When Rodel ends up at Jack’s home with a young girl in tow, his grandmother offers them sanctuary until the weather clears up. Unbeknownst to them at the time, this is the beginning of a great adventure. Despite his gruff demeanor and all-consuming grief, Jack’s character won’t let him send Rodel and the girl out into the African wild without protection. He knows that this foreigner is in over her head and has no idea of the danger that she’s in.

Gradually, Jack and Rodel’s attraction grows. They help each other through their grief. Each has to face their feelings of survivor’s guilt and the what-ifs that haunt them. Meanwhile, they are on a life or death mission to try and save these hunted children, since they could not save their own loved ones on that tragic day.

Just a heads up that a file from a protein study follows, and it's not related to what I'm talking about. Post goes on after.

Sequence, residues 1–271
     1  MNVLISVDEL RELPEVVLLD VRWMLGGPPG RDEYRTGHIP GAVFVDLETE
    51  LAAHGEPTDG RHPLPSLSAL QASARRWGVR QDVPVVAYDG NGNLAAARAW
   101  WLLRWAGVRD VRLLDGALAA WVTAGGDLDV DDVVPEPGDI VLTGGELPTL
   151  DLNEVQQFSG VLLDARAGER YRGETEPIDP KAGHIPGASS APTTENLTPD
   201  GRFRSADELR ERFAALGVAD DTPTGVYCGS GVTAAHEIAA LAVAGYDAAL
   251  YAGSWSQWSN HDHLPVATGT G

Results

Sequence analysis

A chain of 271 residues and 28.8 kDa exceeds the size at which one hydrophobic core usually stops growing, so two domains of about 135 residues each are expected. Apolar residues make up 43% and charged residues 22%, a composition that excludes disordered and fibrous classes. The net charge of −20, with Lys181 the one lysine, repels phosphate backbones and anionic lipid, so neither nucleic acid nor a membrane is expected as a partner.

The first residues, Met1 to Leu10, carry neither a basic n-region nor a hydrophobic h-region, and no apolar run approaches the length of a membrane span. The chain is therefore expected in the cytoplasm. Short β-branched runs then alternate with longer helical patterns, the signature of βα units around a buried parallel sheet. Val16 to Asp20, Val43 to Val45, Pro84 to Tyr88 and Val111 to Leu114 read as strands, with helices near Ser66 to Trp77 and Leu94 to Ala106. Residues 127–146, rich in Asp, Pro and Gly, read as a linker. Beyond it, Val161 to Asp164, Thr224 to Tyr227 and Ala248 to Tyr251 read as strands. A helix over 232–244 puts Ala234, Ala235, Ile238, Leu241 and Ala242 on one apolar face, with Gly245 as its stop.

‘Mists of the Serengeti’ was a touching and highly emotional story. I listened to the Audible version and it was well-narrated. The imagery was beautiful. I could envision the plains of Africa as if I were right there with Jack and Rodel.

Although there was plenty of tragedy, I was impressed with the author’s ability to address such subject matter without letting it affect the overall mood of the book. It is easy to imagine the dreary, depressing book that this easily could have been. Instead, it was inspiring and heartfelt.

With a slow-burn romance and plenty of action/adventure, this book kept me fully engaged. It was heartbreaking at times, but I fell in love with this story and it’s characters. I would definitely recommend this book for anyone looking for an heartfelt romance with mature characters.